That's just the beginning. Did you know there's also a weird little loophole that lets you get a one-year, interest-free loan from the Social Security Administration?
The above statement came from another website called Motley Fool. Is it really true. I am moving to central california in a month and need a loan to even move up there but my loan comes with an interest rate of 11.90% which will keep me broke for the rest of my life even with HUD housing. Can I really get a loan from social security with no interest for one year?
Withdrawing a Benefit Application
I am 63 and my wife is 59. We are healthy and plan to live for a long time. We both have the flexibility to continue working part-time as much as we want for as long as we want. We can start withdrawing from our IRAs anytime. We plan to wait until we turn 70 to start taking benefits but would it make sense for me to start taking benefits now and for her to start when she turns 62 and then reclaim when we turn 70? My understanding is that we would pay back the benefits we had received up to that point and begin receiving benefits at the higher rate based on claiming at 70.
I turn 66 (11/2016) my spouse turns 66 (3/2017). Our new strategy is for her to Claim SS when I turn 66 and I will file a restricted application taking 50% of her benefit then take mine at 70. My question is that the SSA states she has to pay back an amount earned under full retirement age (Cap $15,720) and year of full retirement age (Cap of $41,880). The fact that the year she turns 66 is 2017, does she need to wait until 2017 to file so as not to pay back any funds. Her yearly income is approx.. $25,000. Thanks, Greg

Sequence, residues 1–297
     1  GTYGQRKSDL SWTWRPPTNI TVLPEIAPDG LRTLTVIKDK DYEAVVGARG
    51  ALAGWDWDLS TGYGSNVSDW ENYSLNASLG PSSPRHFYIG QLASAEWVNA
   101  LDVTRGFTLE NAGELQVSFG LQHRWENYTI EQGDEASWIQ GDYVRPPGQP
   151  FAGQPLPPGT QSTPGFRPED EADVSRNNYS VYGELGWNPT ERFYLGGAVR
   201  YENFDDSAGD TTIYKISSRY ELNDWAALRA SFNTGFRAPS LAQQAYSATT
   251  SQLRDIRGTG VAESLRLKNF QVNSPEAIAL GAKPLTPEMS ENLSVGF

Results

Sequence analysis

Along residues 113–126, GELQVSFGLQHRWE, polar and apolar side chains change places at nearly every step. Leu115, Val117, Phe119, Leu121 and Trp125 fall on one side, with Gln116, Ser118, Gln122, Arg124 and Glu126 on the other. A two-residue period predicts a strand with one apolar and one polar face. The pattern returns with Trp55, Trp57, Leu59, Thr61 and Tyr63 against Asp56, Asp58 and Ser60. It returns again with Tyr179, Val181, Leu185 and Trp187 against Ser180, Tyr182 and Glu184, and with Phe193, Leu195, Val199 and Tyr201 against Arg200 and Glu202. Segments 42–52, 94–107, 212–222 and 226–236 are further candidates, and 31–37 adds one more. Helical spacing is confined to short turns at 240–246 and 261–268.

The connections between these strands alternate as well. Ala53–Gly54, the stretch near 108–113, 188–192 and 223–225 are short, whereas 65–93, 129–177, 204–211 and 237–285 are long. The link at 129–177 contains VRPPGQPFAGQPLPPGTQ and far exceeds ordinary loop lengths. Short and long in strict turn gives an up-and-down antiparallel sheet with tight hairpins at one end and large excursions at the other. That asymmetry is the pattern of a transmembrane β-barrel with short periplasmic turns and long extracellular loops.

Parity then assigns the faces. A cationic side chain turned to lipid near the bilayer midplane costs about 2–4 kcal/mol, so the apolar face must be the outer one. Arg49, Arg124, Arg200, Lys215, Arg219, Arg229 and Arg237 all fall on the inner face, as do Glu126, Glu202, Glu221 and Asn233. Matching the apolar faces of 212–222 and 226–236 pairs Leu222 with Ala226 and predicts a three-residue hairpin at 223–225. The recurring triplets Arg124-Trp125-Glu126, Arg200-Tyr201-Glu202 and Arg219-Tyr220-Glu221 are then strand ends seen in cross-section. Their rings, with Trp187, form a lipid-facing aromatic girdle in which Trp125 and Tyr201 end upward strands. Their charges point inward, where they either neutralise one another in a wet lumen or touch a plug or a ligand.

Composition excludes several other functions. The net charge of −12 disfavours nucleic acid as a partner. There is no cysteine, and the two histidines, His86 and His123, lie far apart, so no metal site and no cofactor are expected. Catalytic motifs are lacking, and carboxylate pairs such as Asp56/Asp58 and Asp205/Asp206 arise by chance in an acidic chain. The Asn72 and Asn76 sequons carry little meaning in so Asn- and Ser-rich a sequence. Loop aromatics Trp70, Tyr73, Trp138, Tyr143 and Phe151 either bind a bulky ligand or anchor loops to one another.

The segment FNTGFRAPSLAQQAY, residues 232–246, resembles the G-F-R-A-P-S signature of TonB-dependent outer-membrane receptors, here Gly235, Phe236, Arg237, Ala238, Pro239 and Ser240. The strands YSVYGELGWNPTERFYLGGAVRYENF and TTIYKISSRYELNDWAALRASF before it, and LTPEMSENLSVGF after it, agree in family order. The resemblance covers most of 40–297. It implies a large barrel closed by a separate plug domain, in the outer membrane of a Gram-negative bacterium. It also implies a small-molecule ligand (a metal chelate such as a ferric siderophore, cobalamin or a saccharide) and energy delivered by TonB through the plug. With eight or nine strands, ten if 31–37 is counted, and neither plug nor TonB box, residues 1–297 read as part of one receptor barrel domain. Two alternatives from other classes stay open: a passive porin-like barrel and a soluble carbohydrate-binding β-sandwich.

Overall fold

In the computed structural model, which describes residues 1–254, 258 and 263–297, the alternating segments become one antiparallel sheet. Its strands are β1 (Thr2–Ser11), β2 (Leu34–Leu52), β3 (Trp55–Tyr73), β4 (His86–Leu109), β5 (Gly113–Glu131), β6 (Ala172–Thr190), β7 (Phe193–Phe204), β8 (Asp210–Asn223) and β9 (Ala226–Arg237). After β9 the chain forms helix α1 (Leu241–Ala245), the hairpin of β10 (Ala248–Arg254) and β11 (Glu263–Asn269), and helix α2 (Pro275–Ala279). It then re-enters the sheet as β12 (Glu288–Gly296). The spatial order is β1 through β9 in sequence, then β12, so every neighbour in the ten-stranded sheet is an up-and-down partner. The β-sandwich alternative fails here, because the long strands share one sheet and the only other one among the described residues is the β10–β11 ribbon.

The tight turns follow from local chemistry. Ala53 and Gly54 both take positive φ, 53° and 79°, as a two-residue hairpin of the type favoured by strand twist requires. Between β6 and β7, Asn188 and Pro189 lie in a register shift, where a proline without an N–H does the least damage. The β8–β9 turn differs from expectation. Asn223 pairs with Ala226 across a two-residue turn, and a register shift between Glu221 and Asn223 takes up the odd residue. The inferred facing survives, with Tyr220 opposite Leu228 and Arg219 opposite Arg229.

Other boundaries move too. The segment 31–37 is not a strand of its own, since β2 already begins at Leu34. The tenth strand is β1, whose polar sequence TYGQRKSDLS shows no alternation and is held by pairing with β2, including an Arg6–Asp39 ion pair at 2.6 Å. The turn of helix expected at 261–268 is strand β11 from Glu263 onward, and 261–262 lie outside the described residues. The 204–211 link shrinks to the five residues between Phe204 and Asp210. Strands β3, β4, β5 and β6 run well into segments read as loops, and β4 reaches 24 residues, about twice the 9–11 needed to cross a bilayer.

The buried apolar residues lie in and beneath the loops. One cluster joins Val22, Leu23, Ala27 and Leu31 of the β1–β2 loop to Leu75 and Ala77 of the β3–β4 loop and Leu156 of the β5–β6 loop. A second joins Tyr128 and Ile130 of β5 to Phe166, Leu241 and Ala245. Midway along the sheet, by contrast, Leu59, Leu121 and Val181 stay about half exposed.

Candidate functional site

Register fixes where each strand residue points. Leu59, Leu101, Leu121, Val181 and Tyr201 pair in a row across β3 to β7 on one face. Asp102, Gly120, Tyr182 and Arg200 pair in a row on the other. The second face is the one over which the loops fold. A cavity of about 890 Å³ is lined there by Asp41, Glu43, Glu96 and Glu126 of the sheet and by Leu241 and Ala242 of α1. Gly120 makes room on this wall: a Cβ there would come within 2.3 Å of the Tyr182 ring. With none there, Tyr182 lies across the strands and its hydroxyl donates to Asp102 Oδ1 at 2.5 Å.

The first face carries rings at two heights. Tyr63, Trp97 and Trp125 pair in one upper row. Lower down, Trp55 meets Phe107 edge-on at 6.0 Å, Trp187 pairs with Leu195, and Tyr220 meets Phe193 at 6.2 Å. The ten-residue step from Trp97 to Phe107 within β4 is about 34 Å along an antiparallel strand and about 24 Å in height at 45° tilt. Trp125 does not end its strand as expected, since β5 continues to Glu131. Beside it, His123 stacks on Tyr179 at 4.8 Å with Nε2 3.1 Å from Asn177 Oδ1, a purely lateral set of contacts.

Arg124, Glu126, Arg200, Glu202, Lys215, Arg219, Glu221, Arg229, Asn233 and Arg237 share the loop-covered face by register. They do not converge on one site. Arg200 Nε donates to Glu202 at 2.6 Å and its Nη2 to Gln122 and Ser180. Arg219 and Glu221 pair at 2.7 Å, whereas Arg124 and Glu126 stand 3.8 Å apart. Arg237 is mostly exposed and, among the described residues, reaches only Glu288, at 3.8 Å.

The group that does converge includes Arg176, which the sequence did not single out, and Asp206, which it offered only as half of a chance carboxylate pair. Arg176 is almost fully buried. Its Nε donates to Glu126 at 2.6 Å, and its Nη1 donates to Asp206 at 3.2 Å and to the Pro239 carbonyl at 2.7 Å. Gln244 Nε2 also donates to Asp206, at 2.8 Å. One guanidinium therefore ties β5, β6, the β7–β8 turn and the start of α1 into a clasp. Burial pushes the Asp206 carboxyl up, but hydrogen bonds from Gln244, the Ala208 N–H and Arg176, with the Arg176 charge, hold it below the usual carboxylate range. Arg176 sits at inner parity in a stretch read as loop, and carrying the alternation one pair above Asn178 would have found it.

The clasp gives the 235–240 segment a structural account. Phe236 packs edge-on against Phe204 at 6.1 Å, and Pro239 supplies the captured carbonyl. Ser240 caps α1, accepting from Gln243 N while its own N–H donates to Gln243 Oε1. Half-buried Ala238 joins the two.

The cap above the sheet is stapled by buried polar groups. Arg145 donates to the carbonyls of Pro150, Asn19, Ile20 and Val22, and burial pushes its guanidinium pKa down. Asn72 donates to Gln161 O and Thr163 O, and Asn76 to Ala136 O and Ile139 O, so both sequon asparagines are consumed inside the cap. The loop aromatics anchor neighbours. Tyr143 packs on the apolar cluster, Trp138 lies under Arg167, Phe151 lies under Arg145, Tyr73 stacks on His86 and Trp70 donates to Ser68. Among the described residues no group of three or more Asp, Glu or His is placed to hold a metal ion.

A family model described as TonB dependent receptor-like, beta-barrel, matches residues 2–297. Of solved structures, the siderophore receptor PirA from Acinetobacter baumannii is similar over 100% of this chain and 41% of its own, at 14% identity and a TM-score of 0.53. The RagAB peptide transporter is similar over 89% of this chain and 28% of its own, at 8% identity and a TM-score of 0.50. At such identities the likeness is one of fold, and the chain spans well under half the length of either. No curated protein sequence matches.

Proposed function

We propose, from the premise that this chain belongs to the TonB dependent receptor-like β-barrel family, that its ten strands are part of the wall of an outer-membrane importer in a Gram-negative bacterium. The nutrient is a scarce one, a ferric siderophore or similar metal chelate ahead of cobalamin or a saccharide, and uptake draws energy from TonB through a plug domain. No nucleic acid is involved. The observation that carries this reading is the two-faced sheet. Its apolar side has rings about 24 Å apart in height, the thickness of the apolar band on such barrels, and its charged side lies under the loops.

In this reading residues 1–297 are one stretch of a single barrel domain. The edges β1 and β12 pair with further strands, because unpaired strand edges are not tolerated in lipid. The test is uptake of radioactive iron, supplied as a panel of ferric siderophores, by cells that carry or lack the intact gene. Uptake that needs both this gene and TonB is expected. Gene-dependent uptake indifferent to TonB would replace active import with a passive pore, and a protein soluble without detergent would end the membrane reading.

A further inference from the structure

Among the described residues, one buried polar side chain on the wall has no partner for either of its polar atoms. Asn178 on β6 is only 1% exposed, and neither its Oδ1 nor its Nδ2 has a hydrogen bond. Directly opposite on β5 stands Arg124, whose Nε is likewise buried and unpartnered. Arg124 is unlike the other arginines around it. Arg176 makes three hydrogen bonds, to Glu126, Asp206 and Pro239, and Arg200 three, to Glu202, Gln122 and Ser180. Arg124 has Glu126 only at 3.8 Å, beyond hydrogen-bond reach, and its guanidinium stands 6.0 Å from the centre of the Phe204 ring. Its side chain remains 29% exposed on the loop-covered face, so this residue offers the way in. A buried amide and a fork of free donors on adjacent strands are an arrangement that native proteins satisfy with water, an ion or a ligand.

Hi, my wife and I keep our financial affairs completely separate, file separate tax returns and are not each other's beneficiaries in any way. I took Social Security at age 62 1/2 in 2009 with an initial monthly benefit of $1745. My monthly payment is now down to $1355. I will turn 70 this August. I have been told that if I return all my Social Security payments up to age 70, with no added interest or penalties, I can restart with maximum age 70 benefits. Question: is this correct?
Hi Larry, how do I stop receiving payments, repay what I have already received. This will allow me to begin taking payments at a later date that is better for me tax wise. Thanks, Allen
Hi Allen, if you're still within 12 months of beginning your benefits, then you can withdraw your application and repay all benefits received as a results of your application, including any auxiliary benefits others may have received. Thanks, John